Finally, my Thanksgiving shift is over.
Crap, tomorrow another shift must start.

Shattered Reflections:

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Reflections are the window to the soul, and poetry is the expression. Place them together, and you hold expressions so shattered and yet, so beautiful, you cannot help being overwhelmed by empathy. One poem to this person may be nothing more than words on the page, and yet, to another that same poem changes their entire world of perspective. Over 100 poems and poetic stories mark this first installment of the Shattered Reflections Series. There are poems of light and great beauty, and poems of the darkness and terrible sadness. The shimmering reflections which fall in between also play their parts. Find yourself a nice drink and a comfortable spot, as it’s time to get lost within the pages of Shattered Reflections: A Poetic Collection.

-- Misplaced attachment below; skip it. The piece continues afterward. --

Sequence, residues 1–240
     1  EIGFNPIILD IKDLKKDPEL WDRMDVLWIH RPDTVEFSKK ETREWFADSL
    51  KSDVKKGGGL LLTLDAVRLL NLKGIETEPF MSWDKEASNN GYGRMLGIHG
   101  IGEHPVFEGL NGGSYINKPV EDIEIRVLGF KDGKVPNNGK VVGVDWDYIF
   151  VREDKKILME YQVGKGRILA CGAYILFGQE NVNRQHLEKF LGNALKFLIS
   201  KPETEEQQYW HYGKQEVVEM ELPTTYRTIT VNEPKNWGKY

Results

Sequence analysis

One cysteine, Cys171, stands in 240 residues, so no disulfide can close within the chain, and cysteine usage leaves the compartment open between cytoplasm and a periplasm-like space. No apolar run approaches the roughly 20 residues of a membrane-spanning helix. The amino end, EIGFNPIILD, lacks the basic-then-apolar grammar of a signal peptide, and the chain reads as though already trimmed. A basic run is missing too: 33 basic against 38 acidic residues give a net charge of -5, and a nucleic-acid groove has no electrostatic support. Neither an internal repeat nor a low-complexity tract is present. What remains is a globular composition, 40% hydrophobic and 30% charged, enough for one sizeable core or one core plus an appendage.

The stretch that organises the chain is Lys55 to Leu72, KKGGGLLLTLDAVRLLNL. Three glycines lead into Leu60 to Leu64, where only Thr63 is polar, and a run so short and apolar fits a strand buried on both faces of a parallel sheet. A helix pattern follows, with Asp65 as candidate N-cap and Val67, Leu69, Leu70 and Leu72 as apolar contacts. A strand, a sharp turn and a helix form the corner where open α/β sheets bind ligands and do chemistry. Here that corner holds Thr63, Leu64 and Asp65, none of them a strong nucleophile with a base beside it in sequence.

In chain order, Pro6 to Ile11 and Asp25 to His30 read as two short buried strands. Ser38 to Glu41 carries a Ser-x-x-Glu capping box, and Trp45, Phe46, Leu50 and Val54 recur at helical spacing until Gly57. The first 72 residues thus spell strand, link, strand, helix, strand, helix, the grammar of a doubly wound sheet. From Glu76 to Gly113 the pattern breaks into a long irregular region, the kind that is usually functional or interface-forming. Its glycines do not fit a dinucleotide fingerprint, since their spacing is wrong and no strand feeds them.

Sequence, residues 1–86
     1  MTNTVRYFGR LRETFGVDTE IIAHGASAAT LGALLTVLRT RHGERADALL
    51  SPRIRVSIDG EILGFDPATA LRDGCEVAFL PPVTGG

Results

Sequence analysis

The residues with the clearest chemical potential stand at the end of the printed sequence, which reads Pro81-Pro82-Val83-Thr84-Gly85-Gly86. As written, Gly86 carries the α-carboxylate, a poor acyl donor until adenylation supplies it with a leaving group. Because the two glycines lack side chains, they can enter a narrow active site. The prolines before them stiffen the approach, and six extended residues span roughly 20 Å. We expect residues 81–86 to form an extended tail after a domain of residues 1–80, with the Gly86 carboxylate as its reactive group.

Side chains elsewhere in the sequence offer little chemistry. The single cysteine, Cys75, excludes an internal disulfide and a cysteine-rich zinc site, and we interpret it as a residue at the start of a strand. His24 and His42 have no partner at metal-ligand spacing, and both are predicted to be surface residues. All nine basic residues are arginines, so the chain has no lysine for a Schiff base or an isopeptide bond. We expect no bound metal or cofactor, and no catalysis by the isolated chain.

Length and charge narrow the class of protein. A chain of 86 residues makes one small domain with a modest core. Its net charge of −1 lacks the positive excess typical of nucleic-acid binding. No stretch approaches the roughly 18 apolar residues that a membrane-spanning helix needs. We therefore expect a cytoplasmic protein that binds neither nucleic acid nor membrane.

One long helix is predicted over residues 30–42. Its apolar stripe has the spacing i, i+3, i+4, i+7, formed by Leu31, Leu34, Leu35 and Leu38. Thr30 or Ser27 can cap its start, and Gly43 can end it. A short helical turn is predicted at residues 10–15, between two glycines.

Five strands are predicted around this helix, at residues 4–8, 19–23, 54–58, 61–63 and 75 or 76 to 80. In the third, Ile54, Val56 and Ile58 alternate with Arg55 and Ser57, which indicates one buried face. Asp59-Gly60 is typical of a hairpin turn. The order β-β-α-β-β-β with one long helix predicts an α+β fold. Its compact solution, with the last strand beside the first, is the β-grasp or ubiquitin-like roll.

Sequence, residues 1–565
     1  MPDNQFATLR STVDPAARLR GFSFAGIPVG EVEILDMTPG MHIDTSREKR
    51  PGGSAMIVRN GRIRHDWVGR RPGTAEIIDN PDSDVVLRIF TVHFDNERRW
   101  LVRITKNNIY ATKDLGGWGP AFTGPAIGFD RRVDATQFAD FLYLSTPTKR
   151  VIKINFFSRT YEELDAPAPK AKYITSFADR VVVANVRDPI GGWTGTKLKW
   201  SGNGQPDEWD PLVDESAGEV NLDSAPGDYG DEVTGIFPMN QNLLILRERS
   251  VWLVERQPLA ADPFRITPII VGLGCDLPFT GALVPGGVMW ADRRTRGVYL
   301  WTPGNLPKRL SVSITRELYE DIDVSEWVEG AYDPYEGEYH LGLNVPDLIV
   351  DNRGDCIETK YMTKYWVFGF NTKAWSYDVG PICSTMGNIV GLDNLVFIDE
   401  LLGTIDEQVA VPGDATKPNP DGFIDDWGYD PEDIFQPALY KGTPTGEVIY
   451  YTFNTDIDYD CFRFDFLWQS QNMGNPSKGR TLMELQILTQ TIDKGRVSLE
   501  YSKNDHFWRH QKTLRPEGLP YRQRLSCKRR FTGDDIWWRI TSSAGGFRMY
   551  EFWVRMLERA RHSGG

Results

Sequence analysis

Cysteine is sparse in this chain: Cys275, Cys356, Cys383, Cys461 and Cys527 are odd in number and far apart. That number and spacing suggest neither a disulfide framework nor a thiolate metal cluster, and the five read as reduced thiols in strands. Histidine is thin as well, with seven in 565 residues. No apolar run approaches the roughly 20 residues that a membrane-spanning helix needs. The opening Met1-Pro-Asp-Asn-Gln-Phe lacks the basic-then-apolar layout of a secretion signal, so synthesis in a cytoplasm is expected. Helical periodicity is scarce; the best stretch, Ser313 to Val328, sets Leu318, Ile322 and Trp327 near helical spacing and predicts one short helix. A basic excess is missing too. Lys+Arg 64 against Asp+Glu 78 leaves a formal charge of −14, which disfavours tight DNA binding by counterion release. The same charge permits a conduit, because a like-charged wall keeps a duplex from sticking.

Paperback: $8.99  Kindle/Nook/PDF: $2.99

Sample Poem:

Life is beautiful,
Life is tragic,
Life is pitiful,
Life is magic.
Life is faith,
Life is lies,
Life is pain,
Life is compromise.
Life is love,
Life is hate,
Life is random,
Life is fate.
Life is empty,
Life is true,
Life is dirty,
Life is you.
Life is fear,
Life is bliss,
But above all else,
Life is…

Thanks for reading,


Happy Thanksgiving

Why cut the turkey?
Why have that pumpkin pie?
Is there something to be thankful?

Were you happy yesterday?
Did you help someone in need?
Did you give anything of yourself?